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Small Business Saturday offers more intimate shopping experience for those looking to avoid the rush

Small Business Saturday campaign has been catching on in local communities that have always depended on the success of small, independently owned businesses. Megan Olson, manager at Wally & Mel’s and Ali J Boutique in New London, said small town stores feature specialty items and customer service that keeps customers coming back. Tribune photo by Carolyn Lange

NEW LONDON — Once the dust has cleared from the Black Friday shopping stampede, and before Cyber Monday has people searching the web for online deals, consumers looking for a more intimate shopping experience can find comfort, customer service and some good deals on Small Business Saturday.

Initiated several years ago by American Express, the Small Business Saturday campaign has been catching on in local communities that have always depended on the success of small, independently owned businesses.

While small businesses typically do not rely on one big holiday shopping day to put their finances in the black, calling attention to hometown stores on Small Business Saturday provides an opportunity for business owners to talk about why shopping local and shopping small has big returns for consumers and their communities.

“You’re keeping your money in the community,” said Rick Norsten, who’s owned and operated Rick’s Cycling and Sports Center in downtown Willmar for 30 years.

His specialty bike shop carries “more depth and more expertise” when it comes to products and knowledge about the merchandise than large stores do, he said.

Shoppers that opt for big-box discount stores are “losing a lot of uniqueness in products by not stopping at the smaller stores,” said Norsten.

Megan Olson, manager at two New London clothing stores — Wally & Mel’s and Ali J Boutique — agrees.

“We give shoppers a variety of merchandise that they can’t get at a big corporate store,” said Olson, adding that customer service is another reason why people like shopping at small stores.

“It’s more personal,” said Olson. “We work one-on-one with the people who shop here.”

People get stuck in a fashion rut, she said. “They come in and say, ‘I’m going out on a date, help me find something,’” she said. “We have a relationship with a lot of customers.”

The number of clothing boutiques, arts and crafts studios, home decorating stores and cafés in New London is expanding, which Olson said helps all the stores be successful.

“Shopping here is different,” said Olson, of the string of small stores in New London. “It’s quaint. It makes you feel all comfy and cozy inside.”

Because there’s a variety of small specialty stores in one small town, Olson said customers are willing to drive to New London from the Twin Cities, St. Cloud and Willmar to shop.

Greg Melges, who has owned and operated Mel’s Sport Shop in Spicer for 56 years, said his customers also come from all over the region looking for good hunting and sports equipment and some advice.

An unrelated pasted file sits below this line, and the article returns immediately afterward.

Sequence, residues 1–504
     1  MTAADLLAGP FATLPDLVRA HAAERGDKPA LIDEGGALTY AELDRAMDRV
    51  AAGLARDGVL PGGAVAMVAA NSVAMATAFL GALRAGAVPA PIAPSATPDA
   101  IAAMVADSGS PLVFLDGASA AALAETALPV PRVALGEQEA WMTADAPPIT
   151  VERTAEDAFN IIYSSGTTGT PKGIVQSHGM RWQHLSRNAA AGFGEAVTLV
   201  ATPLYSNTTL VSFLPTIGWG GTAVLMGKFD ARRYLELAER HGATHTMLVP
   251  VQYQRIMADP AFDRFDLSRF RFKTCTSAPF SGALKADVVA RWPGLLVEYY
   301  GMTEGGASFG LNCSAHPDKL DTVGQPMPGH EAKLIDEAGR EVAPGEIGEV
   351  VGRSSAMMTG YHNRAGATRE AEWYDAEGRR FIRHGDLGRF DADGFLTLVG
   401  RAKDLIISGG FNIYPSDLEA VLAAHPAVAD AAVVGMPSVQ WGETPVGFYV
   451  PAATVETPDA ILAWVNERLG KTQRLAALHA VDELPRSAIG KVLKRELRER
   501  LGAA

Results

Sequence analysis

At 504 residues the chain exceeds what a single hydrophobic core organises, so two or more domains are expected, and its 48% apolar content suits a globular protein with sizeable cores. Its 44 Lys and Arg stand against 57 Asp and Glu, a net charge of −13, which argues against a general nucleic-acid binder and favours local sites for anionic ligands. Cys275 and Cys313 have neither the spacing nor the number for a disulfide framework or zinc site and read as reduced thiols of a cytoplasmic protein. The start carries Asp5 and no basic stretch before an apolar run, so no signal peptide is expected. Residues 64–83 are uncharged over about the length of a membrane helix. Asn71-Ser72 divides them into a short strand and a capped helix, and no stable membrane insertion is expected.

“We can maybe give them an answer to the questions they have,” said Melges. The big-box stores “can’t seem to help the people,” he said.

“We sell muzzle loaders and we have a muzzle loader expert here,” said Melges.

The same is true for the archery, guns and fishing equipment they sell. Melges said his employees “do the sport and know how to use the equipment” and can share that knowledge with customers.

Melges, who is 75 years old, has expanded his business nine times over the past five decades.

When people shop locally the money stays in town and is put back into the business, which generates tax revenue that helps the community and schools, said Melges.

Small businesses have to fight the perception that because they’re small they can’t compete on price and quantity of merchandise.

But Norsten said because he has a specialty business, he has a broader variety of bikes than a big-box store.

Norsten said because he is close to the consumer, he’s able to “fit the person with different-sized bikes to make their purchase a lot more enjoyable.”

He’s also able to react more quickly to consumer demands.

“We’re on the pulse of what the consumer is looking for,” said Norsten, adding that his business is doing quite well.

Sometimes not having as much square footage as a warehouse store is a good thing for consumers.

It means customers “don’t have to run around the store looking for somebody to help you,” said Melissa Mord, who owns and operates Mord’s Hardware Hank in New London with her husband, Randy.

Sometimes customers don’t have to get much farther than the front door.

“They just tell us what they want and we go and get it for them and bring it to the counter,” said Mord. “We’re friendly. We’re here to help,” she said. “We’re a small, quaint little store.”

Besides “everyday” and specialty products, Mord’s also provides services such as plumbing and window and screen repairs that large home improvement stores don’t.

Mord’s also has a friendly orange cat named Dusty that they adopted from the Hawk Creek Animal Shelter that roams the aisles and entertains customers with its shopping bag antics.

You don’t see that at a mega-store.

Last year Mord’s had a small line of people waiting to get into the store on Small Business Saturday to catch the big deals on grills. They’ll be offering specials again this year to round out the “hometown shopping experience,” said Mord.

Carolyn Lange

A reporter for more than 30 years, Carolyn Lange covers regional news with the West Central Tribune.

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